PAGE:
SISTEM one-on-one from Los Angeles, California with Ms. Carolyn Leighton, Founder and Chairwoman of Women In Technology International (WITI): “ Empowering women worldwide through technology, leadership and economic prosperity”.

Who We Are
Why Technology
Why the US & Why Africa

SISTEM one-on-one from Los Angeles, California with Ms. Carolyn Leighton, Founder and Chairwoman of Women In Technology International (WITI): “ Empowering women worldwide through technology, leadership and economic prosperity”.

Carolyn Leighton

Carolyn Leighton founded WITI in 1989 as a worldwide e-mail network for women in all technology sectors. At the time WITI was established, Ms. Leighton was President of Criterion Research, a research consulting firm for the high tech industry which she founded in 1984, as well as chair of the Core Competency Database Project at Stanford University. Due to Ms. Leighton's leadership and vision, WITI has grown to be the premiere brand and worldwide organization dedicated to empowering women worldwide to achieve unimagined possibilities and transformations through technology, leadership and economic prosperity. Ms. Leighton has 35 years of experience as an educator and entrepreneur. In addition to WITI, she founded four start-ups in the high-tech, legal sectors and, most recently, the pet industry. She attended the University of Michigan and has a bachelor's degree in human development from Pacific Oaks College. Ms. Leighton was named one of the "Top 100 Women in Computing" in 1997 and 2000. In addition to her continuing work with WITI, Ms. Leighton now runs a dog camp on the central coast of California.

Q:   Please tell us about yourself and the path that led you to Women In Technology International (WITI).

Leighton:  After starting my career in education, I moved into the technology industry when I founded my company, Criterion Research, 1984.  We landed contracts with some amazing companies, such as:  HP Labs, Borland, Hughes Aircraft, Raytheon Semiconductor, SLAC.  I loved the tech industry.  I built relationships with so many talented people from whom I learned volumes.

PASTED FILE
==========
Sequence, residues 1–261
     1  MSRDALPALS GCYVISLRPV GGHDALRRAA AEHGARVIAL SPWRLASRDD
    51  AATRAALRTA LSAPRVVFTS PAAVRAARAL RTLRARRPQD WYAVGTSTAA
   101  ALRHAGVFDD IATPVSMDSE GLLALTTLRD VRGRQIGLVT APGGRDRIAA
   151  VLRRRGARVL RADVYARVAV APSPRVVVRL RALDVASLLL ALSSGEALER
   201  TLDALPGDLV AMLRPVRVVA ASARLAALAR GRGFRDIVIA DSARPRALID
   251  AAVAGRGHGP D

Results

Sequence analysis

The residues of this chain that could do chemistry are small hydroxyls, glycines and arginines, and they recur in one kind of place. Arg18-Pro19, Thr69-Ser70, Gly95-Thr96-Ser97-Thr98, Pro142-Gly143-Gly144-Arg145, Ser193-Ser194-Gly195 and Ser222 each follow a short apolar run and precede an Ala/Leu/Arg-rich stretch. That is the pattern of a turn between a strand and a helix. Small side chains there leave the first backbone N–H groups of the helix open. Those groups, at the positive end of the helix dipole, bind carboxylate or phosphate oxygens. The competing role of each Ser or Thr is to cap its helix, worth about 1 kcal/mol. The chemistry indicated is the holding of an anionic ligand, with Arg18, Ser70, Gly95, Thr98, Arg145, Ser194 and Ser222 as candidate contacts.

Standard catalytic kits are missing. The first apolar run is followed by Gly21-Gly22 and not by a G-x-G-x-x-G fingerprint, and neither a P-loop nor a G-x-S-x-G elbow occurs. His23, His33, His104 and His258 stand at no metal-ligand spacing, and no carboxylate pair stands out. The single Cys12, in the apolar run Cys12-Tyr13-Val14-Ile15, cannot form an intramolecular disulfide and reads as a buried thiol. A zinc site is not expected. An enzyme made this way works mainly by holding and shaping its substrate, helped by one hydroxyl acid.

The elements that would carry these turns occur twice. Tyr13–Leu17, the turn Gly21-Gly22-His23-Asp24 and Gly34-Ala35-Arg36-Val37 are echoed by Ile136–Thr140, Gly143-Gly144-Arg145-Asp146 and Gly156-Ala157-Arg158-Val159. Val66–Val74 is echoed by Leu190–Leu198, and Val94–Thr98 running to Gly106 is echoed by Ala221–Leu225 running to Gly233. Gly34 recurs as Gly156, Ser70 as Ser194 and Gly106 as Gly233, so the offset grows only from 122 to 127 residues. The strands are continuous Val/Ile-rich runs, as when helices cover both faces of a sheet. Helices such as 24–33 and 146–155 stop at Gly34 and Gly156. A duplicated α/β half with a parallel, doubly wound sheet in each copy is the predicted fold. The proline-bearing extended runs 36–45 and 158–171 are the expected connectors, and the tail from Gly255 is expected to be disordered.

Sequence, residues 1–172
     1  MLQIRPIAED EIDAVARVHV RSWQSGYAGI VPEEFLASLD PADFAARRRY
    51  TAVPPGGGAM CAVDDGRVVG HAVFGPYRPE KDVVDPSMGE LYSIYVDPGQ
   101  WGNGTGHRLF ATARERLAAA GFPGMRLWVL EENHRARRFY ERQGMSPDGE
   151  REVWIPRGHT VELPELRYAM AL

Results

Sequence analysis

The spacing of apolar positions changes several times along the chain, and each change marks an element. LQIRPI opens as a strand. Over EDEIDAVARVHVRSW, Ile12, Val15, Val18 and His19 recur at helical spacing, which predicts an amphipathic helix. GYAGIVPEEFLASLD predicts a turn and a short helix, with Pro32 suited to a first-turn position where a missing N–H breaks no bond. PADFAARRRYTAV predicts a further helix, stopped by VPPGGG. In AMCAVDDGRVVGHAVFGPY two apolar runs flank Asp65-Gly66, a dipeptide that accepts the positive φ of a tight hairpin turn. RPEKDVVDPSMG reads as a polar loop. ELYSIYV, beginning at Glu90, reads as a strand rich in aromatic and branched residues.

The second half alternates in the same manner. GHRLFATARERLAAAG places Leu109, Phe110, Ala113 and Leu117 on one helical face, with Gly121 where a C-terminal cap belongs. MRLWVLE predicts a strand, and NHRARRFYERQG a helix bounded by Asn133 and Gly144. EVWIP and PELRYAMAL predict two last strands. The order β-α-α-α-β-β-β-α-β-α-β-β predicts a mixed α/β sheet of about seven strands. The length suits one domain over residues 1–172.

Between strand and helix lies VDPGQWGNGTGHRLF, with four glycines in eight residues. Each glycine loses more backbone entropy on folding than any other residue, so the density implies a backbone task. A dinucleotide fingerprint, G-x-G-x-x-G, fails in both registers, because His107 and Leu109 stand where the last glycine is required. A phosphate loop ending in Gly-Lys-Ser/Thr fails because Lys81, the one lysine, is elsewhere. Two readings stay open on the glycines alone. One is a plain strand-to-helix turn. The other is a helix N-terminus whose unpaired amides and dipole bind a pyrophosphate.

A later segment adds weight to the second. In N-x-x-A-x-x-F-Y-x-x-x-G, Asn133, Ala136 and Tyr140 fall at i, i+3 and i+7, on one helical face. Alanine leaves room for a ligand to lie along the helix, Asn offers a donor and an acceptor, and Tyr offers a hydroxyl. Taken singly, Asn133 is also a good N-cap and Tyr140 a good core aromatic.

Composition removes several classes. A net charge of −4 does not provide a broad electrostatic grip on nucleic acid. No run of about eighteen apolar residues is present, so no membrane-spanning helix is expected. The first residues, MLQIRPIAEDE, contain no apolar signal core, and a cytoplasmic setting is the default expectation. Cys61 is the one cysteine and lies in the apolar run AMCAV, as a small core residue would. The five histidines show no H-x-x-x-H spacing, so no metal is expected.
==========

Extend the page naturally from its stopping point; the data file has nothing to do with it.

Many of the women working for our client companies started sharing their frustration that they were continuously losing opportunities for promotions, great projects to men they believed were less qualified, asking me if I thought they should leave and start their own business as I had done.

 At the same time I was hearing growing numbers of stories from women in those companies, I was also seeing men dying of heart attacks in their 40’s and 50’s.  Not only women were unhappy in their jobs.

 These experiences kept me up at night.  I kept searching for answers as to why any company would want to lose these amazingly, talented women – well educated, smart, and committed to doing whatever it took to help their employer grow and become successful.  And, I thought about all the men who had been conditioned to believe that only they were responsible for supporting their families, taking stressful jobs they did not want or like.

While all of these questions were swirling around in my head, U.S. News & World Report came out with a featured front page story about the glass ceiling for women - stating that while women made up about half of the workforce, the growing number of women moving into Mid Management positions were leaving corporate America to start their own businesses, because they knew they were not going to be promoted into Executive positions.

 I read this article, thought about all the stories women were sharing, and felt driven to find a solution – after all, this was not only a loss for women, for the companies, but for our great country – since many of these women had secret clearances, contributing to important science & technology projects.

 This is why WITI was started in 1989.